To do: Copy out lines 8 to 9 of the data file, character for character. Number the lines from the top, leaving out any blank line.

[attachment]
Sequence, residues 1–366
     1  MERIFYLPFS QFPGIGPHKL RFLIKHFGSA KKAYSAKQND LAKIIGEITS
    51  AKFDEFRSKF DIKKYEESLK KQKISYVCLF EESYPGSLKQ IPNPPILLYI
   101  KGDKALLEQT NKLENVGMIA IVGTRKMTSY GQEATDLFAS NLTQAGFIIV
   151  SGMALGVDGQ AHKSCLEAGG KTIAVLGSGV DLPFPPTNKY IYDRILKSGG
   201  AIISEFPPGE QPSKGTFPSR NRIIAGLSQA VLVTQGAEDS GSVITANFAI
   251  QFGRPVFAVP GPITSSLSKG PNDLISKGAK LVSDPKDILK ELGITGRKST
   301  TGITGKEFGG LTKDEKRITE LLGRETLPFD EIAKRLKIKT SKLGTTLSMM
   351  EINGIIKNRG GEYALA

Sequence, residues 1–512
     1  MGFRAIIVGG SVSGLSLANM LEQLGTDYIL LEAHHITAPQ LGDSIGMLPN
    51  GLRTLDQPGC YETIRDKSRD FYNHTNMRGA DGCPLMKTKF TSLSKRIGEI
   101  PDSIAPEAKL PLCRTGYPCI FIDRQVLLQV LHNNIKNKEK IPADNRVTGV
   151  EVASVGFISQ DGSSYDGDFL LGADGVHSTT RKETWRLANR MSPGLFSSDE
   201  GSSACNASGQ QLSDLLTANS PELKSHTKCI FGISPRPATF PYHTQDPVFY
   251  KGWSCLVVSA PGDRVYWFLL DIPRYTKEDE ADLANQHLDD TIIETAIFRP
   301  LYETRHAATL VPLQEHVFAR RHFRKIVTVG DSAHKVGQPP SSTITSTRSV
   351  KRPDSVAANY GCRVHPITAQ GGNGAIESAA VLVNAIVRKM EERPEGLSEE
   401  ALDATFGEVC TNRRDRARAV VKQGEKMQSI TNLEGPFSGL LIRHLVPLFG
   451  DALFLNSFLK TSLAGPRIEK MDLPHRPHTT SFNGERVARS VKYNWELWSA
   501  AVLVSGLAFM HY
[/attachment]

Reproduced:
   301  TGITGKEFGG LTKDEKRITE LLGRETLPFD EIAKRLKIKT SKLGTTLSMM
   351  EINGIIKNRG GEYALA